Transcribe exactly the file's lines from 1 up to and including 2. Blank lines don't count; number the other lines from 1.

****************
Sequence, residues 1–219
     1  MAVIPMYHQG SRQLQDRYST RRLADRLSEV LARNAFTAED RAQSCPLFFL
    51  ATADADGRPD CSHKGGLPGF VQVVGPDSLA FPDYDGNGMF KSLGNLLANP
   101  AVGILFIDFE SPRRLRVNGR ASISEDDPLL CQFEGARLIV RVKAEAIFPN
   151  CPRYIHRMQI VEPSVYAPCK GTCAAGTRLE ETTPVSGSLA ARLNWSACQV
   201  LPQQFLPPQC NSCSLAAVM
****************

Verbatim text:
Sequence, residues 1–219
     1  MAVIPMYHQG SRQLQDRYST RRLADRLSEV LARNAFTAED RAQSCPLFFL